Pro Tour Magic Origins is upon us. This weekend, the best Magic players in the world meet in Vancouver to compete in Standard and booster draft. Magic Origins has added dozens of excellent new cards to the Standard cardpool, and they threaten to rewrite the rules of the format. The Standard metagame this evening will look vastly different than it did yesterday, and the Standard decks from the Pro Tour will define the metagame until rotation this fall.
This week, in attempt to predict the Pro Tour’s Standard metagame, I have been playing a lot of Standard on Magic Online, networking, and studying pricing trends. Along the way, I discovered some off-the-radar deck that could have a big impact on the tournament, so today I will explore some potential breakout decks from the Standard portion of Pro Tour Magic Origins.
Jace, Vryn's Prodigy // Jace, Telepath Unbound is still very unexplored, but its power is assured. Notable for its low cost, this card offers blue strategies with a proactive, two-mana play that forces the opponent to react, lest it generate an avalanche of card selection and card advantage. I expect a large number of different strategies will incorporate the planeswalker this weekend, from the controlling to the more aggressive, perhaps even with burn spells. The safe money is on Sultai Control, like Robert Vaughan’s SCG Richmond Top 8 deck, as the archetype that best leverages the planeswalker.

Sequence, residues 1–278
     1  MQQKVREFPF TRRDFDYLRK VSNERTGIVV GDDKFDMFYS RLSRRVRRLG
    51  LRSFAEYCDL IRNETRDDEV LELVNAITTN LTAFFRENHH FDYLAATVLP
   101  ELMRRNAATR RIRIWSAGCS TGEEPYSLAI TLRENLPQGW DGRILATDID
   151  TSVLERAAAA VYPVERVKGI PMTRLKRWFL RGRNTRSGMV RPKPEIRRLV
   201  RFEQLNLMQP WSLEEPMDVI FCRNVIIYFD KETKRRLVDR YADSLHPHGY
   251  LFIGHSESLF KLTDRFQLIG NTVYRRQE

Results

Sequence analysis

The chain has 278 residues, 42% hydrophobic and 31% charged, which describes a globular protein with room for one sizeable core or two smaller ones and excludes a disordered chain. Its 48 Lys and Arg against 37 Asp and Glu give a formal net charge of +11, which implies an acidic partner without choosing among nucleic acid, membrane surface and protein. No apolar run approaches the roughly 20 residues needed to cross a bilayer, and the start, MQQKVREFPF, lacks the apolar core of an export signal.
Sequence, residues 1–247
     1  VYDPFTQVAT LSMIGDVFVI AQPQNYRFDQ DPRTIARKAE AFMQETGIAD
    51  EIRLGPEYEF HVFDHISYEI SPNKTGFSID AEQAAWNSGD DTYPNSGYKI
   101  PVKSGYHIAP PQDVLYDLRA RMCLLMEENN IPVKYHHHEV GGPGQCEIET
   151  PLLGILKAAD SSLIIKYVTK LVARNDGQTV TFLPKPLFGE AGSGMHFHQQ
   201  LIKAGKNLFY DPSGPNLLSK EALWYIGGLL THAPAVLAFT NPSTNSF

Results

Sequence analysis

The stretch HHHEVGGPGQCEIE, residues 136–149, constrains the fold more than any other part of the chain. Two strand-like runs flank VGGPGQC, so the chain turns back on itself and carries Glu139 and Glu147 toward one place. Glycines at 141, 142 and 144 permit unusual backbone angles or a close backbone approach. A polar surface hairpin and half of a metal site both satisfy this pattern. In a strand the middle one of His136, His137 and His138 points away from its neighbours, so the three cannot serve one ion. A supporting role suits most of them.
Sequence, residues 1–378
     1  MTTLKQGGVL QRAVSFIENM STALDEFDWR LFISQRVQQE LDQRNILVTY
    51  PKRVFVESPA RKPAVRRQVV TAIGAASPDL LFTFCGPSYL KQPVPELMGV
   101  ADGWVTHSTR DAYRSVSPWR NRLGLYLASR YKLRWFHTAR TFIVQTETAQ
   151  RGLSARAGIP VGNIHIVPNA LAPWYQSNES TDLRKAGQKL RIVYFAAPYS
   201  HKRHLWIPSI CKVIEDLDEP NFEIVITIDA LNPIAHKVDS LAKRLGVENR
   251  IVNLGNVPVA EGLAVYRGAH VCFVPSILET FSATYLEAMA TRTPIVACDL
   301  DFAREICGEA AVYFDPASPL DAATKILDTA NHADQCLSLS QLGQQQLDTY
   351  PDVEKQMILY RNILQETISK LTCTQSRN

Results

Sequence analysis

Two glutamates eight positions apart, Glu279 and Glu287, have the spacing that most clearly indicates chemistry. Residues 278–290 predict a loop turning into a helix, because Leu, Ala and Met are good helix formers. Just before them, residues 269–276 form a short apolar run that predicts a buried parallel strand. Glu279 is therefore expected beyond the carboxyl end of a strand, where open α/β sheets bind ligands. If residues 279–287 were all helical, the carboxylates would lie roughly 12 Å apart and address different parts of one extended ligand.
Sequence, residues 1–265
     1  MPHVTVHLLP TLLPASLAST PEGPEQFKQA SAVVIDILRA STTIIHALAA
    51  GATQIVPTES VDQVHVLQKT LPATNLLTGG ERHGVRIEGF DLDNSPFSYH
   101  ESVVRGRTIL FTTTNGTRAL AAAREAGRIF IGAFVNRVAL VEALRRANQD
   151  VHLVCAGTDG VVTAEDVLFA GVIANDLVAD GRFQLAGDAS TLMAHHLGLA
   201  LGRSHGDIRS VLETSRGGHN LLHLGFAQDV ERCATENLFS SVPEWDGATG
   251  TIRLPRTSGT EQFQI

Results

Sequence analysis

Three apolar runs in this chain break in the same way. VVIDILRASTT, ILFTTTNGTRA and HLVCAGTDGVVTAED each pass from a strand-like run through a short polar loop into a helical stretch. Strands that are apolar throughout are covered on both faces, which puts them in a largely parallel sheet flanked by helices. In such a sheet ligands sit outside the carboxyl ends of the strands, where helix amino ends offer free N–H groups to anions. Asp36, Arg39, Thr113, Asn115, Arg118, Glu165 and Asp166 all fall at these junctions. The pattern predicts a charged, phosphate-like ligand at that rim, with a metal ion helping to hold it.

Perhaps no card will have a greater impact this weekend than Hangarback Walker. Hangarback Walker is a threatening two-mana play because it can grow bigger as each turn passes, but it’s also a great late-game topdeck because it’s a mana sink with no upper limit. It’s possible that the most successful players this weekend will be those that best take advantage of this powerful new tool.
Hangarback Walker is promising in many different decks, but perhaps no existing archetype is better suited for the card than the UR Ensoul Artifact deck, aka UR Thopters: